When I was in a reform school called New Hampton Training School for Boys in Orange County, New York, there were, not surprisingly, times when some of us didn’t get along, got into arguments, or simply didn’t like each other. When it became clear that two of us were really itching to settle things with our fists, or one boy wanted to challenge another, the men that watched over us, and did so wonderfully and fairly, I might add, would offer to have the other boys form a circle somewhere so the two boys could have at it.
Because these disputes were handled this way, no one was every seriously hurt, the tension between the two combatants almost invariably vanished, and, it was no unusual for them to become friends.
I think there may have been something like 300 boys in New Hampton. For those of us who happened to be white it was a wonderful experience. You were no longer in the majority because there was just as many African American and Latino kids. Combine their numbers and we were in the minority. During all the time I was there, and I was there for more than a year because I was knuckle-headed enough to run away – twice! – I never heard a single racial epithet – not a single one.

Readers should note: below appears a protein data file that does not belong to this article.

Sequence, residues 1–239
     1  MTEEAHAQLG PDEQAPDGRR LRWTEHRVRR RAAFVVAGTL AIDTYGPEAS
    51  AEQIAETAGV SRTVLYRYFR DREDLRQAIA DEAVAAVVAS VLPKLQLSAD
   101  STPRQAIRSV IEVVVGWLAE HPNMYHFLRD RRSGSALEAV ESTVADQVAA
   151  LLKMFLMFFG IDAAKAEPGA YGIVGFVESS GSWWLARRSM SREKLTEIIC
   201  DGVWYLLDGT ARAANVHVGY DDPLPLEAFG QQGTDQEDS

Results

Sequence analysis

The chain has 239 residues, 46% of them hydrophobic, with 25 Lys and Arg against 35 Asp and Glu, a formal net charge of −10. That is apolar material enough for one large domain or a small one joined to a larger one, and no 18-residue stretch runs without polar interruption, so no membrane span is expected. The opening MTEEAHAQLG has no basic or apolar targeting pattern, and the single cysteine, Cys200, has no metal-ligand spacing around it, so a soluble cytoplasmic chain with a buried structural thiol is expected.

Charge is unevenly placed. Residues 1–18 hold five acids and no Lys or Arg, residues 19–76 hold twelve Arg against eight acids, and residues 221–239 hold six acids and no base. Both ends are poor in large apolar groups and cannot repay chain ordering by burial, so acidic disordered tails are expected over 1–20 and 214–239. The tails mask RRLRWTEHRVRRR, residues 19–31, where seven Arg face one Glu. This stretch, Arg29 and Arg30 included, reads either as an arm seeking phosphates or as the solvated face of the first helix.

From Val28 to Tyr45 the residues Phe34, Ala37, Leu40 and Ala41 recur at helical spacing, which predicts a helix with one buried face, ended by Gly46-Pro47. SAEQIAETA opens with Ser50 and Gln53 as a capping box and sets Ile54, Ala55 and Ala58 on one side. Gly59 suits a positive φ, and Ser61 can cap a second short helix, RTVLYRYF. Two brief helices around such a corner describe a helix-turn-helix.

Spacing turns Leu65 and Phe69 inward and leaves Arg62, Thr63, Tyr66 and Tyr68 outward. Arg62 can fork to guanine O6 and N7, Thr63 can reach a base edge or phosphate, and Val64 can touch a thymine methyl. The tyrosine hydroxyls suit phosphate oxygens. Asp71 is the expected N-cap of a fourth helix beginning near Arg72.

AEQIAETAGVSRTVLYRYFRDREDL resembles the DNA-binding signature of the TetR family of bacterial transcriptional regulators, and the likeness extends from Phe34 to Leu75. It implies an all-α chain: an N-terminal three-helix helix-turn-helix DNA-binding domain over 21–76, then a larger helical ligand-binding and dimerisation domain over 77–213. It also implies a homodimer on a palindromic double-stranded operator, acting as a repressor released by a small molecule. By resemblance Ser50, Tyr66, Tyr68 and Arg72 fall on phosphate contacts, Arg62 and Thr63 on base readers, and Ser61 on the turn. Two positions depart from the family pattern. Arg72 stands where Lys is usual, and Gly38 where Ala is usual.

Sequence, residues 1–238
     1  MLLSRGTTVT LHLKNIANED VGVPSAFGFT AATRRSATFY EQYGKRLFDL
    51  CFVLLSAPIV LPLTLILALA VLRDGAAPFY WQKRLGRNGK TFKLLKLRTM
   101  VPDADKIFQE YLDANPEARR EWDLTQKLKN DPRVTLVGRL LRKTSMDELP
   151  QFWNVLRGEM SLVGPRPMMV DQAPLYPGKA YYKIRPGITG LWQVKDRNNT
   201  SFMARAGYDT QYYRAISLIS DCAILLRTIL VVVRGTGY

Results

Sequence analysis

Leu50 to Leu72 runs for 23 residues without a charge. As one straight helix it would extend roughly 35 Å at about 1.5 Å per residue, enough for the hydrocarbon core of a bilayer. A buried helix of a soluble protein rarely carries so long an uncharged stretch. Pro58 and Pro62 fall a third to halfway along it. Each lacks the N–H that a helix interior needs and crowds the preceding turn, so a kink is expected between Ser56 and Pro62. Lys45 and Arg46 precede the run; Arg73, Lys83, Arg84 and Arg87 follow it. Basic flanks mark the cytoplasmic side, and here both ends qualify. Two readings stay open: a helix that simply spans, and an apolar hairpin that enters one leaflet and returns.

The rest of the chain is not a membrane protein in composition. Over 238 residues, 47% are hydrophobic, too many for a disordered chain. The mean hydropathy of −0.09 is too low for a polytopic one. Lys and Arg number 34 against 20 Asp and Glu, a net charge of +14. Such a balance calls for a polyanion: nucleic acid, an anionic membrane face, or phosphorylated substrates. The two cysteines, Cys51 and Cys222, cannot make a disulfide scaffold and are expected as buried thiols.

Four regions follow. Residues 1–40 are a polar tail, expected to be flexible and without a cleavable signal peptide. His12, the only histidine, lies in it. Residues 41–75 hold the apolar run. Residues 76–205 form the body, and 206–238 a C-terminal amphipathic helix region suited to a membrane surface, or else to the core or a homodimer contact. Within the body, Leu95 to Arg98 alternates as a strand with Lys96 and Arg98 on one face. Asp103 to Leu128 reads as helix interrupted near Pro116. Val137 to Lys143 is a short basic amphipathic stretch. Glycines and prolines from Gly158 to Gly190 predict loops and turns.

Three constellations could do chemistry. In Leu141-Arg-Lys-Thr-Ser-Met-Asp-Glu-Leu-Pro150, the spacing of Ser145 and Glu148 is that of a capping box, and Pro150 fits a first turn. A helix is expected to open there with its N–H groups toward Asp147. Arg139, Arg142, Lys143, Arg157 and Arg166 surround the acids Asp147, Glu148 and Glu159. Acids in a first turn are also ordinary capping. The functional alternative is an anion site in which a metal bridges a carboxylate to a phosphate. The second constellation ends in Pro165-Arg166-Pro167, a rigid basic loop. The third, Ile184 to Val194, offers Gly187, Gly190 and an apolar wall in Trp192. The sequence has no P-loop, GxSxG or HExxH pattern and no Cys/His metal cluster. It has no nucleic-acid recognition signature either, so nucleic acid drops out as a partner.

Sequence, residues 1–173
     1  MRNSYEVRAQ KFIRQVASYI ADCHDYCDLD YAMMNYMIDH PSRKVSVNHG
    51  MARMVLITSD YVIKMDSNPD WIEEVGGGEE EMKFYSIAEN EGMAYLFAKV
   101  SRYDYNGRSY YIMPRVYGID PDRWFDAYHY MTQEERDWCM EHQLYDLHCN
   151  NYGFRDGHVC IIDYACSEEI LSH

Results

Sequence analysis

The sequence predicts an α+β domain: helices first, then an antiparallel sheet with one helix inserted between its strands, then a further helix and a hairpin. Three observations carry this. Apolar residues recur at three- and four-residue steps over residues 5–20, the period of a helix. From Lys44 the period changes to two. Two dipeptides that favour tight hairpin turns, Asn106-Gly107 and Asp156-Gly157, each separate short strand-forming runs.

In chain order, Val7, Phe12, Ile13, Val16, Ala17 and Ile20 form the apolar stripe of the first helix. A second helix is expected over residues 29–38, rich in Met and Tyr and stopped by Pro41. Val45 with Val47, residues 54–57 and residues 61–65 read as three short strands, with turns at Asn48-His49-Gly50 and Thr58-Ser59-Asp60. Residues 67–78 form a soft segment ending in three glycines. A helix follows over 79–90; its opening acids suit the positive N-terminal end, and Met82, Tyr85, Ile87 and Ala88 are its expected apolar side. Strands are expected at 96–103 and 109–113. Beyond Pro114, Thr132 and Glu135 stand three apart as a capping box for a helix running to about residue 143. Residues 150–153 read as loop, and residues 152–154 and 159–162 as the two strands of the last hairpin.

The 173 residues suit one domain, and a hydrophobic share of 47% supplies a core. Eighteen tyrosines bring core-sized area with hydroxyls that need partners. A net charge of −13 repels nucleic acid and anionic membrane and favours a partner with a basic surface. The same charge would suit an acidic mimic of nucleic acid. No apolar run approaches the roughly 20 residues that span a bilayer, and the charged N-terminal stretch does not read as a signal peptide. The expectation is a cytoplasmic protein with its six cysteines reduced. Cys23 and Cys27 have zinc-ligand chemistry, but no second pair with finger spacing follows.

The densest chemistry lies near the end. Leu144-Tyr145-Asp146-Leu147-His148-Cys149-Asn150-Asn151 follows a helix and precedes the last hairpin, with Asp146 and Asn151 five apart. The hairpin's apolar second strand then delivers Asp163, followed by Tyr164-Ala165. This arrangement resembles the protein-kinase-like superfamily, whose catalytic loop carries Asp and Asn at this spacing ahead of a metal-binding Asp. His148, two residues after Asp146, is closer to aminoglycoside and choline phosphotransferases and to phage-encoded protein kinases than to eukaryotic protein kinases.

The men that were our guards – they were plain-dressed at sat a desk on one end of the dorm, the end were the exit was, not surprisingly – were great. During the winter we’d all shovel snow, and when the walkways and steps were cleared away, we’d shovel the snow off the lawns. They meant to keep us busy. It was not unusual to hear one of our guards say, “Okay fellas, time for all of us to look like fools and go shovel some lawn!”
Tell you what, if Trump or Bannon were there and acted like they do now, they’d be getting challenged by a lot of us, including me, not because they’re white racist thugs, but because they had it coming to them.
I had some truly good friends in reform school. I think of them today with love and respect, along with a heartfelt thanks that we got to do some time together.